- The Washington Times - Thursday, February 7, 2013

New guidelines set by Australian health officials will make party time a little less fun for schoolchildren by banning them from blowing out candles on their birthday cake in efforts to curb the spread of germs.

But doctors warn the latest National Health and Medical Research Council rules go too far in “bubble-wrapping” children, the Sydney Daily Telegraph reports.

The new party-pooping guidelines suggest that children who want to blow out a candle on their birthday should bring their own cupcake and avoid blowing germs all over a communal cake. Day care staff also will have to wash toys, doorknobs, floors and cushion covers on a daily basis, The Telegraph reports.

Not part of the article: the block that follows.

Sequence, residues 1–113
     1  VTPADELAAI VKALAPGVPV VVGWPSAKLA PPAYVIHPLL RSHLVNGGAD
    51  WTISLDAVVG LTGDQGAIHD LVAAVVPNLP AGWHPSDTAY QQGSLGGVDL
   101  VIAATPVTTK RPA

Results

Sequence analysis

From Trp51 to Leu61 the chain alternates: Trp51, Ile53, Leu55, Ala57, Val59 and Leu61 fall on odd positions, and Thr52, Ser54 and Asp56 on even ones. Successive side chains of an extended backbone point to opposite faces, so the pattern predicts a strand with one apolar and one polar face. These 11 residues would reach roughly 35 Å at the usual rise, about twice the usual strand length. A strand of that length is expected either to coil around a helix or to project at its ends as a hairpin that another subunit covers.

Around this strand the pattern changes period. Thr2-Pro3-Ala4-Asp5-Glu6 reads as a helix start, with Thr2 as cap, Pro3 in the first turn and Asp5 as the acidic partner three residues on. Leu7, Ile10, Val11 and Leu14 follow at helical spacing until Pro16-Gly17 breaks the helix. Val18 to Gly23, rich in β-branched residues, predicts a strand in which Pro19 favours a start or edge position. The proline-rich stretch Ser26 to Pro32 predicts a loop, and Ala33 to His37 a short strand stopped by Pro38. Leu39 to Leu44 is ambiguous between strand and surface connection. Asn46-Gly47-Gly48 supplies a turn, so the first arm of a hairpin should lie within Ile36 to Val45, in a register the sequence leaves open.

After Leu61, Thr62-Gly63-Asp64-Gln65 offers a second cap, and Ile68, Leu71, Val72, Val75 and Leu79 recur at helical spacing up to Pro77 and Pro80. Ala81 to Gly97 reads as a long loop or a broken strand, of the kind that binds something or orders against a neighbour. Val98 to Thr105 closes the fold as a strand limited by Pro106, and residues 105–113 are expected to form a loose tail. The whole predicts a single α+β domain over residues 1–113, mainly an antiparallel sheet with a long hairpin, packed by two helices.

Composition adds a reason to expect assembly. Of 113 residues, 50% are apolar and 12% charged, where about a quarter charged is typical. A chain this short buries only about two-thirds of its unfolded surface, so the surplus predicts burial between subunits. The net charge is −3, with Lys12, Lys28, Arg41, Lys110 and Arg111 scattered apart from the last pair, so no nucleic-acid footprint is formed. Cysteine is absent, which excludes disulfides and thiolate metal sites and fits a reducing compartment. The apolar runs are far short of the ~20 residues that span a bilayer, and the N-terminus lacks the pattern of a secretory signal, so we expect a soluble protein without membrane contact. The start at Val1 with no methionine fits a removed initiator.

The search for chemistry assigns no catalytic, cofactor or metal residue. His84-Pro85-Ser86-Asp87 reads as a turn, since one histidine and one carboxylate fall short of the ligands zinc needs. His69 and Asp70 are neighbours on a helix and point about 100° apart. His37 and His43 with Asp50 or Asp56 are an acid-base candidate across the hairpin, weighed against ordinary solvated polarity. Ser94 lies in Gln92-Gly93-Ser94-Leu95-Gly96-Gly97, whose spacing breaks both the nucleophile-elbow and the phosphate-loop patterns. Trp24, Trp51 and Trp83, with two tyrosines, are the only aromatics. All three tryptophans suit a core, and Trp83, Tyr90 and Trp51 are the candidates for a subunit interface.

“Children love to blow out their candles while their friends are singing ‘Happy birthday,’” the document said. “To prevent the spread of germs when the child blows out the candles, parents should either provide a separate cupcake, with a candle if they wish, for the birthday child and [either] enough cupcakes for all the other children … [or] a large cake that can be cut and shared.”

The NHMRC also requires children who play in sandboxes to wash their hands with alcohol sanitizer before and after playtime.

“If you live in a plastic bubble you’re going to get infections [later in life] that you can’t handle,” Australian Medical Association President Steve Hambleton told The Telegraph. “Just wash your hands before you eat.”

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